This paper discusses the development and application of a stochastic three-dimensional reservoir model for gas-water flow. The model treats the occurrence of natural fractures and shales in the reservoir as random, and as such the discontinuities may be arbitrarily distributed among the reservoir grid blocks. A simple shale management scheme that does not require the formulation of a sand-shale permeability relationship is used. However, the developed model requires the estimation of effective flow properties for the fractured reservoir nodes. By this, we attempt to simulate the effective permeability measured by the slope of a fractured reservoir build-up curve. The model may be used to compute the reservoir performance of a fractured, lenticular sand gas reservoir as well as that of a conventional blanket sand. Results of demonstration problems based on published data on Paludal zones 3 and 4 of the Mesaverde formation in western Colorado suggest that the effects of sand lenticularity may not be as marked as have previously been calculated by modifying sand thickness by sand lense factor.
The U.S. Geological Survey estimates Piceance Basin gas in place at 440 tcf, including 68 tcf potentially recoverable. In order to develop these microdarcy fields to their economic production capacities, unconventional methods of production are required.
The effort to develop such efficient production techniques is the principal objective of the U.S. Department of Energy's Multiwell Experiment (MWX) located in the Rulison Field in the Piceance Basin of northwestern Colorado. The MWX field project is aimed at characterizing the lenticular, tight gas sands that are present in this region. The reservoir and stimulation information acquired from this field research was used in the hydraulic stimulation of the Paludal zones 3 and 4 of the Mesaverde formation. As the preliminary results suggest, an optimum performance was not realized from the stimulation program. This an indication of the difficulties encountered in developing noncontinuous, tight gas sands.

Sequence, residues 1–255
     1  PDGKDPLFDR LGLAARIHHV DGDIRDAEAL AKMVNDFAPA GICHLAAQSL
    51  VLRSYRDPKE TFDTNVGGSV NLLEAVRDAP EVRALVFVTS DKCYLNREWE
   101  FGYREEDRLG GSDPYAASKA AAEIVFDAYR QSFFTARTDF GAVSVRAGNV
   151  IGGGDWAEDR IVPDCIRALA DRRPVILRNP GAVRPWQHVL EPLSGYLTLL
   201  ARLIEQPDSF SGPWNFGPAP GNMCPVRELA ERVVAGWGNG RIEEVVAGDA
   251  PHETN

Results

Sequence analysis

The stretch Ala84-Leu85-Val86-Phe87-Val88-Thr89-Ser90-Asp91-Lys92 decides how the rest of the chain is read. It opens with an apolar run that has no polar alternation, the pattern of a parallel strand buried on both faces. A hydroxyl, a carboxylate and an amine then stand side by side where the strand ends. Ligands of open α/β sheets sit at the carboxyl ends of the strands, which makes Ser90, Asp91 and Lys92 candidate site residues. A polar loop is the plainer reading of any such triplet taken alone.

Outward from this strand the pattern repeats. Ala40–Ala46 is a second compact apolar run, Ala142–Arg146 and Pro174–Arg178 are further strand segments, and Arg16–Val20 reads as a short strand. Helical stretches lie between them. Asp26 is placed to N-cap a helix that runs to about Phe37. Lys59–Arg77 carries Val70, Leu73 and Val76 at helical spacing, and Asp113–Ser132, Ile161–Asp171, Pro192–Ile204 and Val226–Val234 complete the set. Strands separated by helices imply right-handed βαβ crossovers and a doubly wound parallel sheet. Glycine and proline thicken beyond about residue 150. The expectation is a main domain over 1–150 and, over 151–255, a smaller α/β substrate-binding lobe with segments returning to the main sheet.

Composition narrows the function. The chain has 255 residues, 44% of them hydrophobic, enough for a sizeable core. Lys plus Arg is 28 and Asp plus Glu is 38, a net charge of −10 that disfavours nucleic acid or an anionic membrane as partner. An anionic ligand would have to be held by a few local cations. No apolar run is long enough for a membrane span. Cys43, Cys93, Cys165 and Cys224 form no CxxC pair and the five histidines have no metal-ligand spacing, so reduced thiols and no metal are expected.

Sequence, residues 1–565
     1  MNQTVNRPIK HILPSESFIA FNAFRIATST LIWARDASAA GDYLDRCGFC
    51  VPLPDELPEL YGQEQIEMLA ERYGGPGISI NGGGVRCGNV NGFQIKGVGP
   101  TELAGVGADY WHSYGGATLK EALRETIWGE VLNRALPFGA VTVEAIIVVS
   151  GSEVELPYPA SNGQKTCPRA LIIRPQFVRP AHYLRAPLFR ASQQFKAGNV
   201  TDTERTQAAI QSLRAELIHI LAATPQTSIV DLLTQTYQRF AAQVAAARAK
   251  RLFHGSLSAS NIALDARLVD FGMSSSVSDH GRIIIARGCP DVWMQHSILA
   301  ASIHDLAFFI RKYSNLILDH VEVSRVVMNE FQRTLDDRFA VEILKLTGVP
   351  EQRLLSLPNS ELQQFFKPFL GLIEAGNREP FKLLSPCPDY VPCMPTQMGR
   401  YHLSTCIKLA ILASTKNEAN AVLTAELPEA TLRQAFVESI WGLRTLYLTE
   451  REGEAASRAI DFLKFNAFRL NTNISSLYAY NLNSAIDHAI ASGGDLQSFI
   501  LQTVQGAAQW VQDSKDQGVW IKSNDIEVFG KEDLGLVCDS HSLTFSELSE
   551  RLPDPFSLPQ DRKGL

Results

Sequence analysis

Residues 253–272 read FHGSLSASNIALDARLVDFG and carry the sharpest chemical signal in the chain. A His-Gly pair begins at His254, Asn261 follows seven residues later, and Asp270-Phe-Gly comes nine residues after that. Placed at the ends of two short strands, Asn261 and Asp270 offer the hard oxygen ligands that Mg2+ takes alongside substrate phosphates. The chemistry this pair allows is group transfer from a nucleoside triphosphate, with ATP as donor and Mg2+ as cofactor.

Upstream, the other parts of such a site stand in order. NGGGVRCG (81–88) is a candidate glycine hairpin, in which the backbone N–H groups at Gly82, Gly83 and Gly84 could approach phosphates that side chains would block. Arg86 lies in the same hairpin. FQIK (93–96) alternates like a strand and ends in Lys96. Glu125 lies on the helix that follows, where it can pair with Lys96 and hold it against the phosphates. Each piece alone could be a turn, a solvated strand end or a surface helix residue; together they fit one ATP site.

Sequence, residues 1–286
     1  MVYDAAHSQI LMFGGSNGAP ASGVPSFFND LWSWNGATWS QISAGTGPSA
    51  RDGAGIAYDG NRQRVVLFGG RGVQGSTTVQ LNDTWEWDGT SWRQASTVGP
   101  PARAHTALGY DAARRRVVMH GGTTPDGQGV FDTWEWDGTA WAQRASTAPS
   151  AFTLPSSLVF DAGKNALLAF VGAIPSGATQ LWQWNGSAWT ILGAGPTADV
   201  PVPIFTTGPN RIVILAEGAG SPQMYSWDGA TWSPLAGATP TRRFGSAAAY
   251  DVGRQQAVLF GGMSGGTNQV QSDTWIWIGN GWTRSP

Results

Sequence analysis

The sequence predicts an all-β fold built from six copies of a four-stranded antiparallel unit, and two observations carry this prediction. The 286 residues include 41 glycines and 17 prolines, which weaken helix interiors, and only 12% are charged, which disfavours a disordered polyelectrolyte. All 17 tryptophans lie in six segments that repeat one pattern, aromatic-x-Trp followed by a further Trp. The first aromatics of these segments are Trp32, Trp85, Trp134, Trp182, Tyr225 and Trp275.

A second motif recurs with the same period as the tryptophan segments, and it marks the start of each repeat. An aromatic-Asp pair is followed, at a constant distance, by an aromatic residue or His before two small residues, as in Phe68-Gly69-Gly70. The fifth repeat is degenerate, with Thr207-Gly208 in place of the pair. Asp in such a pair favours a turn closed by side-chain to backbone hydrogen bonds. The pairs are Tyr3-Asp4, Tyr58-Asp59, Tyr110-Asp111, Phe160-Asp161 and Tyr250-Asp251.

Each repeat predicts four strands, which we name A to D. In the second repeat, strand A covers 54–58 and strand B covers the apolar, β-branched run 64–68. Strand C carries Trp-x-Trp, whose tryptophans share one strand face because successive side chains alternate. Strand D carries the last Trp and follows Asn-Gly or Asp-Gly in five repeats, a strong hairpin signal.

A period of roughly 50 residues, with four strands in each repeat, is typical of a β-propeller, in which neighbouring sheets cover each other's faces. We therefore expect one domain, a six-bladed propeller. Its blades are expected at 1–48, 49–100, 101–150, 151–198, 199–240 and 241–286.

In situations such as the MWX problem, or in cases where conventional well methods are unreliable or impractical, computer-based simulators may be used to access the influence of each pertinent reservoir parameter on gas production. The effects on reservoir performance of such discontinuities as shales, natural fractures and faults are especially suitable for study by the use of numerical reservoir simulators. Such simulators would devise approximate, yet realistic, methods for generating idealized reservoir representations for subsequent evaluation of proposed field development schemes.
There are simulation tools, for noncontinuous gas reservoirs in existence. The few papers cued represent only a partial list of the publications in this area. One of the major problems of modeling noncontinuous tight gas sands stems from the fact that the sands. exhibit many internal permeability variations. Property correlations developed for a particular sand lense may not be appropriate for other distributed lenses.